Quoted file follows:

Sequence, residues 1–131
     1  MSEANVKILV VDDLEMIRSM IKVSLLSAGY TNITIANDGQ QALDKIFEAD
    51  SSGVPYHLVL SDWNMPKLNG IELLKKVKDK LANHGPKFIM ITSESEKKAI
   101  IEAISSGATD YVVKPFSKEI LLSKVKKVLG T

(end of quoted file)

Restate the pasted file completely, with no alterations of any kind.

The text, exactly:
Sequence, residues 1–131
     1  MSEANVKILV VDDLEMIRSM IKVSLLSAGY TNITIANDGQ QALDKIFEAD
    51  SSGVPYHLVL SDWNMPKLNG IELLKKVKDK LANHGPKFIM ITSESEKKAI
   101  IEAISSGATD YVVKPFSKEI LLSKVKKVLG T